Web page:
Improved salinity management for the Nebine / Mungallala / Wallam catchment
Wolfenden, John , Gray, Matthew, & Evans, Michael (2006) Improved salinity management for the Nebine / Mungallala / Wallam catchment. University of New England, Armidale, NSW.
The low stream salinity naturally in the Nebine-Mungallala Catchment, extent of vegetation retention, relatively low rainfall and high evaporation indicates that there is a relatively low risk of rising shallow groundwater tables in the catchment. Scalding caused by wind and water erosion exposing highly saline sub-soils is a more important regional issue, such as in the Homeboin area. Local salinisation associated with evaporation of bore water from free flowing bore drains and bores is also an important land degradation issue particularly in the lower Nebine, Wallam and Mungallala Creeks. The replacement of free flowing artesian bores and bore drains with capped bores and piped water systems under the Great Artesian Basin bore rehabilitation program is addressing local salinisation and scalding in the vicinity of bore drains and preventing the discharge of saline bore water to streams. Three principles for the prevention and control of salinity in the Nebine Mungallala catchment have been identified in this review: • Avoid salinity through avoiding scalds – i.e. not exposing the near-surface salt in landscape through land degradation; • Riparian zone management: Scalding often occurs within 200m or so of watering lines. Natural drainage lines are most likely to be overstocked, and thus have potential for scalding. Scalding begins when vegetation is removed, and without that binding cover, wind and water erosion exposes the subsoil; and • Monitoring of exposed or grazed soil areas. Based on the findings of the study, we make the following recommendations: 1. Undertake a geotechnical study of existing maps and other data to help identify and target areas most at risk of rising water tables causing salinity. Selected monitoring should then be established using piezometers as an early warning system. 2. SW NRM should financially support scald reclamation activity through its various funding programs. However, for this to have any validity in the overall management of salinity risk, it is critical that such funding require the landholder to undertake a salinity hazard/risk assessment of his/her holding. 3. A staged approach to funding may be appropriate. In the first instance, it would be reasonable to commence funding some pilot scald reclamation work with a view to further developing and piloting the farm hazard/risk assessment tools, and exploring how subsequent grazing management strategies could be incorporated within other extension and management activities. Once the details of the necessary farm level activities have been more clearly defined, and following the outcomes of the geotechnical review recommended above, a more comprehensive funding package could be rolled out to priority areas. 4. We recommend that best-practice grazing management training currently on offer should be enhanced with information about salinity risk in scald-prone areas, and ways of minimising the likelihood of scald formation. 5. We recommend that course material be developed for local students in Years 6 and 7, and that arrangements be made with local schools to present this information. Given the constraints of existing syllabi, we envisage that negotiations may have to be undertaken with the Department of Education in order for this material to be permitted to be used. We have contact with key people who could help in this if required.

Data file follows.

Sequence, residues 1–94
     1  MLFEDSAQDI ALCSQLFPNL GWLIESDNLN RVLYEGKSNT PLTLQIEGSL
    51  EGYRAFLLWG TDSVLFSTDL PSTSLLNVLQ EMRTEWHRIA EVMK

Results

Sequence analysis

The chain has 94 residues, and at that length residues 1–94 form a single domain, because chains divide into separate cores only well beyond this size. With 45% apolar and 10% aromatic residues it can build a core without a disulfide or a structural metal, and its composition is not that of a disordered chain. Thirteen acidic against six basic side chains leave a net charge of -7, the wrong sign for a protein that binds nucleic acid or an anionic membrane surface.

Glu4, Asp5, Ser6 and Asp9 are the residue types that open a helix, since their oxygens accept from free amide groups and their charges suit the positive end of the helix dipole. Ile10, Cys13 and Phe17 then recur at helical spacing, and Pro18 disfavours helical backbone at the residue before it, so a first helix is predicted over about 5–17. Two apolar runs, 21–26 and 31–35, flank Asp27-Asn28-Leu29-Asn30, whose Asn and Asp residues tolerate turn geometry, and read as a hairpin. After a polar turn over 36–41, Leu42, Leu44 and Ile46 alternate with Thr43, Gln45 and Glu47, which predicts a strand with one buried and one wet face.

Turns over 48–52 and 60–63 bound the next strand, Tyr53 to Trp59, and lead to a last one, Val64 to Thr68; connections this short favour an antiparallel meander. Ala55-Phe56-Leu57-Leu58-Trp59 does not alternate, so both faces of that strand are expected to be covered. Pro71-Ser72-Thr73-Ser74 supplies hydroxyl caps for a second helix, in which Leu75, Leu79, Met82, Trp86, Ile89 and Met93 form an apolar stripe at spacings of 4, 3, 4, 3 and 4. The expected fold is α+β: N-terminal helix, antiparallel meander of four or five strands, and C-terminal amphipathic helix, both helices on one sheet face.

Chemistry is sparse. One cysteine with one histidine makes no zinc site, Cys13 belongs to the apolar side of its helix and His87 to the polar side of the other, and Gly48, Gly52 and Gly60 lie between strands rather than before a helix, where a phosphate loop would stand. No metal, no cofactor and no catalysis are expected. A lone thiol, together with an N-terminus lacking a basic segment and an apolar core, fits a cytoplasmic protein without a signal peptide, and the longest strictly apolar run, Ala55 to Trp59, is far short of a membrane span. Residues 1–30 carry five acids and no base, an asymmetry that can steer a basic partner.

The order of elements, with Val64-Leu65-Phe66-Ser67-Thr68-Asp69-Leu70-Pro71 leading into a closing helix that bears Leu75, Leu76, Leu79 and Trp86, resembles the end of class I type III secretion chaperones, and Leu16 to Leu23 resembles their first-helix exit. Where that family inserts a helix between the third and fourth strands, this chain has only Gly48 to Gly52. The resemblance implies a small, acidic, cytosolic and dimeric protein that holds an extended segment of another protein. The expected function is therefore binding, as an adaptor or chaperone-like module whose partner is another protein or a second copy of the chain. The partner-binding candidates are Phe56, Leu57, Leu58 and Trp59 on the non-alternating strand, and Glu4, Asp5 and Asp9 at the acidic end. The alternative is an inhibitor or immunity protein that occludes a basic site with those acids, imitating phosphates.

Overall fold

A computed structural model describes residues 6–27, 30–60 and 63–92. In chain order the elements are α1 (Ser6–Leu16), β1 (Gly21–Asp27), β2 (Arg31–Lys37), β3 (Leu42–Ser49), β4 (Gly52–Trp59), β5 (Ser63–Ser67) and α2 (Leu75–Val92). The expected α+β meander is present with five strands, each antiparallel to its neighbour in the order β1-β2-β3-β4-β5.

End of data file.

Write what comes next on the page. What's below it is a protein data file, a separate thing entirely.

- We recommend that SW NRM continue to support existing extension activities such as Grazing Land Management and the Monitoring Made Easy tools. These aids should be able to be easily expanding to incorporate techniques for monitoring, addressing and preventing salinity and scalding. At the time of writing staff of SW NRM were actively involved in this process. It is important that these activities are adequately resourced to facilitate the uptake by landholders of the perception that salinity is an issue that needs to be addressed as part of everyday management.
- We recommend that SW NRM consider investing in the development and deployment of a scenario-modelling learning support tool as part of the awareness raising and education activities. Secondary salinity is a dynamic process that results from ongoing human activity which mobilises and/or exposes salt occurring naturally in the landscape. Time scales can be short to very long, and the benefits of management actions can similarly have immediate or very long time frames. One way to help explain the dynamics of these processes is through scenario modelling.
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|Keywords:||salinity, community engagement|
|Subjects:||Australian and New Zealand Standard Research Classification > ENVIRONMENTAL SCIENCES (050000) > ENVIRONMENTAL SCIENCE AND MANAGEMENT (050200)|
Australian and New Zealand Standard Research Classification > ENVIRONMENTAL SCIENCES (050000) > SOIL SCIENCES (050300) > Land Capability and Soil Degradation (050302)
Australian and New Zealand Standard Research Classification > AGRICULTURAL AND VETERINARY SCIENCES (070000) > AGRICULTURE LAND AND FARM MANAGEMENT (070100)
Australian and New Zealand Standard Research Classification > STUDIES IN HUMAN SOCIETY (160000) > SOCIOLOGY (160800) > Environmental Sociology (160802)
|Divisions:||Past > QUT Faculties & Divisions > Faculty of Built Environment and Engineering|
|Copyright Owner:||Copyright 2006 [please consult the authors]|
|Deposited On:||21 Apr 2011 09:04|
|Last Modified:||14 Aug 2011 00:34|
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